Persistent Link:
http://hdl.handle.net/10150/290665
Title:
Practical rationality and the limits of instrumentalism
Author:
DePetro, Jonelle Marie
Issue Date:
1996
Publisher:
The University of Arizona.
Rights:
Copyright © is held by the author. Digital access to this material is made possible by the University Libraries, University of Arizona. Further transmission, reproduction or presentation (such as public display or performance) of protected items is prohibited except with permission of the author.
Abstract:
I show Means/end or "instrumental" models of practical rationality maintain that an agent is rational if she is taking efficient means to secure her most important ends. According to this view, an agent's goals are not themselves open to rational assessment. Only the efficiency of means to chosen ends is evaluated. These accounts raise an important question in contemporary debates about practical rationality: whether a complete theory of practical rationality must include a theory of value (a theory by which ends are evaluated to determine whether they are rational). After placing various means/end accounts in historical perspective and illustrating their contemporary significance, I defend a negative answer to the above question and thus embrace a form of instrumentalism. I show that certain arguments concerning the rationality of final ends are reducible to arguments about other matters pertaining to things being constituents of ends or means to final ends. Moreover, examples of irrational desires designed to show that means/end conceptions are inadequate simply appeal to our intuitions and many will not share those intuitions in all cases. The intuitive appeal of instrumental theories will be bolstered if it is emphasized that they do not permit the pursuit of every fleeting desire, but rather those which the agent herself deems most important. There are no sufficient grounds for a rejection of instrumentalism. Attempts at alternative views either collapse into instrumentalist accounts or they fail to provide the principles needed to establish a satisfactory account of rationality applicable to all agents.
Type:
text; Dissertation-Reproduction (electronic)
Keywords:
Philosophy.
Degree Name:
Ph.D.
Degree Level:
doctoral
Degree Program:
Graduate College; Philosophy
Degree Grantor:
University of Arizona
Advisor:
Lehrer, Keith

Full metadata record

DC FieldValue Language
dc.language.isoen_USen_US
dc.titlePractical rationality and the limits of instrumentalismen_US
dc.creatorDePetro, Jonelle Marieen_US
dc.contributor.authorDePetro, Jonelle Marieen_US
dc.date.issued1996en_US
dc.publisherThe University of Arizona.en_US
dc.rightsCopyright © is held by the author. Digital access to this material is made possible by the University Libraries, University of Arizona. Further transmission, reproduction or presentation (such as public display or performance) of protected items is prohibited except with permission of the author.en_US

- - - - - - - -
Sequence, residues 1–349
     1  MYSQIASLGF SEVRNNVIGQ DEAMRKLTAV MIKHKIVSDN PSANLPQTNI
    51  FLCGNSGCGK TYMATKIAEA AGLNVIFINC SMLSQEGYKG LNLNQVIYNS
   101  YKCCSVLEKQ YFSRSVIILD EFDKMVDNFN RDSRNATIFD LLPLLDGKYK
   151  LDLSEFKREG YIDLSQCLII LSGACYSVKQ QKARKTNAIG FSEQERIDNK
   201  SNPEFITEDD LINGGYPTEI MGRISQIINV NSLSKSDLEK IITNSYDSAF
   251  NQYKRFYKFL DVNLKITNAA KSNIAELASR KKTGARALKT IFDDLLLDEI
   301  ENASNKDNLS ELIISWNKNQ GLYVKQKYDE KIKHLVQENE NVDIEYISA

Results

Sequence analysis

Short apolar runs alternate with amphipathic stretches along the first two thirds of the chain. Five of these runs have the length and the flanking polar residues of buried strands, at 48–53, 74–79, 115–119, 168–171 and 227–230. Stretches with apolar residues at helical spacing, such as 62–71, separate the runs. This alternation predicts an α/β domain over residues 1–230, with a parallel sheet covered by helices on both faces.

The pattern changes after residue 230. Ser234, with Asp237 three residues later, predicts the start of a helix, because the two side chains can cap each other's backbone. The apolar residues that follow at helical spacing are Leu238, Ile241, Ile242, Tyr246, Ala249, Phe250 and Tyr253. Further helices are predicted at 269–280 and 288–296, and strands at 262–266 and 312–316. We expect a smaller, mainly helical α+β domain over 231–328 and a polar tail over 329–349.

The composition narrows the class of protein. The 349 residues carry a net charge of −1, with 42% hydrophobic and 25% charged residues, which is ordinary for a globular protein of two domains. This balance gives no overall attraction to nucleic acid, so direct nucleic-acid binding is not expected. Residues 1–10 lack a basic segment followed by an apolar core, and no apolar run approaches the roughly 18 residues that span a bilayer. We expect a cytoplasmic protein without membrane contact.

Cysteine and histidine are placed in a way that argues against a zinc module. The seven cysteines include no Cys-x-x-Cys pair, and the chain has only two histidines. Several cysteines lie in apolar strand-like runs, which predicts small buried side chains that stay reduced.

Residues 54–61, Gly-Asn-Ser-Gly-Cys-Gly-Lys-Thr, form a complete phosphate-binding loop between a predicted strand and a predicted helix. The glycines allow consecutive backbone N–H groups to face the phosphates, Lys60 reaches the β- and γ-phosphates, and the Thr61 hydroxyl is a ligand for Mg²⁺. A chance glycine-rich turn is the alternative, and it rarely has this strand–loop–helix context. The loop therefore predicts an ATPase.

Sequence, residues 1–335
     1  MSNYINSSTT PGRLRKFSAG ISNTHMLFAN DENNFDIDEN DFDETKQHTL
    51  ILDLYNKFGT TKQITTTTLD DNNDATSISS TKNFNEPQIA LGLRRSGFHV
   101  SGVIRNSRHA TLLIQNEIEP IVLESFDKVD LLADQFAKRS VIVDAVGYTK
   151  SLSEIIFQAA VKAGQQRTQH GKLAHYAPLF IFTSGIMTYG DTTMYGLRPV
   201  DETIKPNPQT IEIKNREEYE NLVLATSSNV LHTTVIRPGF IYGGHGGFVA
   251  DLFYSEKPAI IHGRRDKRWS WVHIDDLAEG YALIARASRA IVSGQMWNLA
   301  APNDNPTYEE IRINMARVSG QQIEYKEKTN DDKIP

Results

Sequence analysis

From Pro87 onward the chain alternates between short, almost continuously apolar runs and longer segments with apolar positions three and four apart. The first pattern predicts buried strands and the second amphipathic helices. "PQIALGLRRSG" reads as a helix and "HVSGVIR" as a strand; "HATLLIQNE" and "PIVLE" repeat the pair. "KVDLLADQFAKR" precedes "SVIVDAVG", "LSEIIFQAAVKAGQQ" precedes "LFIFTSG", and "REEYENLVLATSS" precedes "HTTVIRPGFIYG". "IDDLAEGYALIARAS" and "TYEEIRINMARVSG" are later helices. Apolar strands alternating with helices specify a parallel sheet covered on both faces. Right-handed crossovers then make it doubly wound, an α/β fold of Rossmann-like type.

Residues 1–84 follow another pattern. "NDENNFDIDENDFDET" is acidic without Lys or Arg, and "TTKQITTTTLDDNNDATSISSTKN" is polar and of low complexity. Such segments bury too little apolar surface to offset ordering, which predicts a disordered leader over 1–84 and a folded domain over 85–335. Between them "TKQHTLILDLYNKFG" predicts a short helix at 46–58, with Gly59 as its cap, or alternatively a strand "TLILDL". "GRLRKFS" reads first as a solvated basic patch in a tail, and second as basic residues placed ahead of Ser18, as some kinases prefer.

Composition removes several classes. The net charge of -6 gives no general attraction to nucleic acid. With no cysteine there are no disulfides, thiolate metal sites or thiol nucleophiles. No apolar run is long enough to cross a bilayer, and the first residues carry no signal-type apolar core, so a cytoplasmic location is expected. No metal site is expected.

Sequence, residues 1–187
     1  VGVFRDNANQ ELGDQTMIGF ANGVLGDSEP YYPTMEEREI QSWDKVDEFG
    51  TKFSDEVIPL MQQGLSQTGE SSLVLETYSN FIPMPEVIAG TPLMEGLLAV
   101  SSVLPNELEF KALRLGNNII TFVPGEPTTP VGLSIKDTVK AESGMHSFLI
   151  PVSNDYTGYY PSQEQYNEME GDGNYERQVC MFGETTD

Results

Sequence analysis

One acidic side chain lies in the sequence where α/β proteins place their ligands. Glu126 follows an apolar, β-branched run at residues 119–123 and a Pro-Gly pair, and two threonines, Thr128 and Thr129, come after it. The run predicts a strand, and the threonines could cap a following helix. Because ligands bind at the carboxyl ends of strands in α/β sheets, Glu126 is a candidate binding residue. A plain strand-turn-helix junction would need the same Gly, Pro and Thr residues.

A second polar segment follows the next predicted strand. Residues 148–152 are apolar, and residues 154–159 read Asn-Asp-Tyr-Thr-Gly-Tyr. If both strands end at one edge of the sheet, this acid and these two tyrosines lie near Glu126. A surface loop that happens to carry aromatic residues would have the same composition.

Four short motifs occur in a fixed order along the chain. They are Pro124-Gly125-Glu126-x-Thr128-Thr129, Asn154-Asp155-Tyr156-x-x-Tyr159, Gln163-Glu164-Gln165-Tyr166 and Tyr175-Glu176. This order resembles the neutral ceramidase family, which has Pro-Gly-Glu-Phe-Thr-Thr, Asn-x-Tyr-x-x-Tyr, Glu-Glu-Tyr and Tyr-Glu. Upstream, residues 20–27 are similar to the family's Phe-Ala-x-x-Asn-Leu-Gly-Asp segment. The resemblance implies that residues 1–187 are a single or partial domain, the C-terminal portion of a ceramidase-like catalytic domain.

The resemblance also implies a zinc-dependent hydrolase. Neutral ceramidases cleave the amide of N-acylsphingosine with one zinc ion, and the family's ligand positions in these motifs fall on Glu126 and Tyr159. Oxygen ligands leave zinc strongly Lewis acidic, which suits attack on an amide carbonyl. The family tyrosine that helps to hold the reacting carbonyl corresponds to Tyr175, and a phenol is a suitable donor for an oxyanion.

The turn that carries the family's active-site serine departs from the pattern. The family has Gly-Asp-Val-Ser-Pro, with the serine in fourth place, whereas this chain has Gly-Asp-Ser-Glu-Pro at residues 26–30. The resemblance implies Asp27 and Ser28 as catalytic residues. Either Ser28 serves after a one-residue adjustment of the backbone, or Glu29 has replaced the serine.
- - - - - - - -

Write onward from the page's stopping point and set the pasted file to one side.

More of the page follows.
dc.description.abstractI show Means/end or "instrumental" models of practical rationality maintain that an agent is rational if she is taking efficient means to secure her most important ends. According to this view, an agent's goals are not themselves open to rational assessment. Only the efficiency of means to chosen ends is evaluated. These accounts raise an important question in contemporary debates about practical rationality: whether a complete theory of practical rationality must include a theory of value (a theory by which ends are evaluated to determine whether they are rational). After placing various means/end accounts in historical perspective and illustrating their contemporary significance, I defend a negative answer to the above question and thus embrace a form of instrumentalism. I show that certain arguments concerning the rationality of final ends are reducible to arguments about other matters pertaining to things being constituents of ends or means to final ends. Moreover, examples of irrational desires designed to show that means/end conceptions are inadequate simply appeal to our intuitions and many will not share those intuitions in all cases. The intuitive appeal of instrumental theories will be bolstered if it is emphasized that they do not permit the pursuit of every fleeting desire, but rather those which the agent herself deems most important. There are no sufficient grounds for a rejection of instrumentalism. Attempts at alternative views either collapse into instrumentalist accounts or they fail to provide the principles needed to establish a satisfactory account of rationality applicable to all agents.en_US
dc.typetexten_US
dc.typeDissertation-Reproduction (electronic)en_US
dc.subjectPhilosophy.en_US
thesis.degree.namePh.D.en_US
thesis.degree.leveldoctoralen_US
thesis.degree.disciplineGraduate Collegeen_US
thesis.degree.disciplinePhilosophyen_US
thesis.degree.grantorUniversity of Arizonaen_US
dc.contributor.advisorLehrer, Keithen_US
dc.identifier.proquest9720614en_US
dc.identifier.bibrecord.b34540039en_US
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